Has some inventive hipster created vegetarian calamari yet? If not, I call dibs because that is EXACTLY what these onion rings taste like (credit to my partner, Sean, who was actually the one to make that realization, but I swear I would have if my mouth hadn’t been so tired from crunching down on so many onion rings). Garlicky and lemony, these little treats are exactly what I want to eat when I’m a) a bit drunk, b) a lot drunk, or c) hungover. They are, to dredge up a terrible 90s phrase, DA BOMB.
Brown Butter Onion Rings with Lemon, Parsley, and Garlic Aioli
Onion rings adapted from Bon Appetit (March 2016)
2 cloves of garlic, peeled
1 tsp kosher salt
1 large egg
2 tbsp olive oil
200 ml (this is between ¾ - 1 cup’s worth) canola oil or other neutral-tasting oil
1 cup buttermilk
1 cup all-purpose flour
1 large red onion, cut into ¼-inch rounds, separated into rings
¾ cup (1 ½ sticks) unsalted butter, divided
Flaky salt, for sprinkling
1 tbsp finely grated lemon zest
2 tbsp chopped parsley (preferably flat-leaf/Italian)
Start by making the aioli. On a cutting board, crush the garlic cloves with the side of a chef’s knife and sprinkle with salt. Mince the garlic to a paste, scraping and spreading it a few times with the knife. The salt really helps the garlic break down as it acts kind of like a pumice. Transfer the garlic-salt paste to a blender and add the egg. Pour in the 2 tbsp olive oil and blend for 1 full minute. With the motor still running, drizzle in the canola oil drop-by-drop until you have about ½ cup left, and then drizzle in a thin, steady stream. This should take you at least 2 more minutes as the oil needs to be poured SUPER slowly to stop the aioli from splitting (this happens when the fat isn’t emulsified properly and basically means you’ve wrecked your aioli and must start again). You will initially notice a lot of splattering happening, but this should slow down as the mixture begins to thicken with the oil. Aioli is just a fancy word for mayonnaise, so your end product should look almost exactly like mayo. Scrape the aioli into a jar/bowl, cover, and chill until ready to use. The aioli keeps for about 5 days.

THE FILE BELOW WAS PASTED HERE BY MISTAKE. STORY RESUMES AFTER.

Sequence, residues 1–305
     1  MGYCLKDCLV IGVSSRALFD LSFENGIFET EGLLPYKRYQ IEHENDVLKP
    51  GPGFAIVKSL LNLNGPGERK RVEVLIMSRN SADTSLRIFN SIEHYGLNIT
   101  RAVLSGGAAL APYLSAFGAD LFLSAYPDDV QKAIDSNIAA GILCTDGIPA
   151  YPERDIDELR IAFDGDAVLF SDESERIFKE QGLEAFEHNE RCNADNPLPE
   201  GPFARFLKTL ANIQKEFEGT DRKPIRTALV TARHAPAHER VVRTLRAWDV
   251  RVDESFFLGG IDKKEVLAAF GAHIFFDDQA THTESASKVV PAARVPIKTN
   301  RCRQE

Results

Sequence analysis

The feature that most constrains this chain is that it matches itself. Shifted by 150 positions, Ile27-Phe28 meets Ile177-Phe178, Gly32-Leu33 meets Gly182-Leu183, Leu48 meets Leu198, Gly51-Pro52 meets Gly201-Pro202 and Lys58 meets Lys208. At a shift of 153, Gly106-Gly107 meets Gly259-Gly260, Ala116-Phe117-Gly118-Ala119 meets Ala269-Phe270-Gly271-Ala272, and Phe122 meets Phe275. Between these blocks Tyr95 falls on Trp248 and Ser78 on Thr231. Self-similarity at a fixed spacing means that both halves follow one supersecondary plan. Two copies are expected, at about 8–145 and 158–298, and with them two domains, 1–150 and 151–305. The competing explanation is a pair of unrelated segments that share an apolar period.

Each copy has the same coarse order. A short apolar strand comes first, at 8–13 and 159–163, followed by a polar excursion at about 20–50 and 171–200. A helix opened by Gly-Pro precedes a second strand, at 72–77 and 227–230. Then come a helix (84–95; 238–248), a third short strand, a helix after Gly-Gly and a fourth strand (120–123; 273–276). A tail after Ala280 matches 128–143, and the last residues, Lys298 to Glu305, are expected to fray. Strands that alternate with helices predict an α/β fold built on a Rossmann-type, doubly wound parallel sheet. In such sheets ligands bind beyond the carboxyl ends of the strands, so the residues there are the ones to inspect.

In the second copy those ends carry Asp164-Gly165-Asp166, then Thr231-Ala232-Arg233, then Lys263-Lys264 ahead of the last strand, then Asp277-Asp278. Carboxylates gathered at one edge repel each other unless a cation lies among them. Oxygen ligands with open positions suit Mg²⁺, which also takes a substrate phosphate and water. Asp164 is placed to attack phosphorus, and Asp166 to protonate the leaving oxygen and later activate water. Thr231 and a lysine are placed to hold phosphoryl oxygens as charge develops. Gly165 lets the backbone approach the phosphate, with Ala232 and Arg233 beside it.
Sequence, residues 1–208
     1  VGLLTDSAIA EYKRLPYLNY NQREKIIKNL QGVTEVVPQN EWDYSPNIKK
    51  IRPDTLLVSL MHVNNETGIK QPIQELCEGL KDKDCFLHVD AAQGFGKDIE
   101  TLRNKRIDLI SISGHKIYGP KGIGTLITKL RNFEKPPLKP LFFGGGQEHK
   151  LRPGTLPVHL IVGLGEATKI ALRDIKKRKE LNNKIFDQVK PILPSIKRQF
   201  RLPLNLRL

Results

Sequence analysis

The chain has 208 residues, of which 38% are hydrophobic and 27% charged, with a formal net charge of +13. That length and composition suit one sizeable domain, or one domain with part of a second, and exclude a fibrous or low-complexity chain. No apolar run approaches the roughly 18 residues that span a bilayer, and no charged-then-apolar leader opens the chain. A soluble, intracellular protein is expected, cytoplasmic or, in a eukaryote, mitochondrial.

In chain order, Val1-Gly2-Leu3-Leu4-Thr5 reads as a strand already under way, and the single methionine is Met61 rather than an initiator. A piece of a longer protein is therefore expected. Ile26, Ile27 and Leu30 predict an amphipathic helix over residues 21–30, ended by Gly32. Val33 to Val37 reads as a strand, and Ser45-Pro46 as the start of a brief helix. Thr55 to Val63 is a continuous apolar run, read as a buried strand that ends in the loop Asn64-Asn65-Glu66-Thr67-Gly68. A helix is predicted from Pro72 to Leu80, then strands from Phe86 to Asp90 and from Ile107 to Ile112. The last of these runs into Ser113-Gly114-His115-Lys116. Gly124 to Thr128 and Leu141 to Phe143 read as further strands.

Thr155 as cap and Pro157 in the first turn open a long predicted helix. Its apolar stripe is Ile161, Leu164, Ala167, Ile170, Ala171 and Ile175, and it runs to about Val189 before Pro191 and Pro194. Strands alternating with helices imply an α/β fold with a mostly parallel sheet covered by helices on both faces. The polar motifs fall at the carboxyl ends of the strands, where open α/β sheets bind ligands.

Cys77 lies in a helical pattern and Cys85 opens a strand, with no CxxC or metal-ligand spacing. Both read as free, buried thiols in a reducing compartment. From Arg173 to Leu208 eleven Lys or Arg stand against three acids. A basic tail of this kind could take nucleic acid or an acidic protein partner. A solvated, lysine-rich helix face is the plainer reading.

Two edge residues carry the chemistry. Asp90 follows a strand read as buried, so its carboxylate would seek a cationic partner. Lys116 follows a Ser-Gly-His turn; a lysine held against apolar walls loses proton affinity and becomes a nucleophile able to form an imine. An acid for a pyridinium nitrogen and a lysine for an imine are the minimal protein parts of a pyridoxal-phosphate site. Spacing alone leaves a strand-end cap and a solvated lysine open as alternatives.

Now start on the onion rings! Pour the buttermilk into a medium bowl and the flour into another medium bowl. Season the flour generously with salt and pepper. Working in batches (I found that 3 separate batches was about right), toss the onion rings in the flour and shake off any excess. Dip the rings into the buttermilk and let excess drip off before tossing BACK into the flour again. Shake off any excess flour and place the onion rings on a plate while you brown the butter.
Prepare a baking sheet by placing a cooling rack inside it and lining the rack with a layer of paper towel. Heat 4 tbsp (½ stick) butter in a large skillet set over medium heat. Stir the butter occasionally until it just starts to turn brown (the little white milk particles will be the first to turn golden-brown). Place the prepared onion rings gently in the pan and immediately turn the heat down just slightly so that the butter doesn’t burn. Turn the onion rings once, about 4-5 minutes into cooking. The rings will take about 8-10 minutes total and should become crispy and golden. Transfer the finished rings to the prepared baking sheet and immediately sprinkle with the flaky salt. Repeat with remaining 2 batches, wiping the pan out between batches and re-browning another ¼ cup butter each time (the browning gets faster after the first time since the pan is already so hot).
Toss the onion rings with the lemon zest and parsley. Serve alongside garlic aioli. Don’t make out with anyone for at least a week.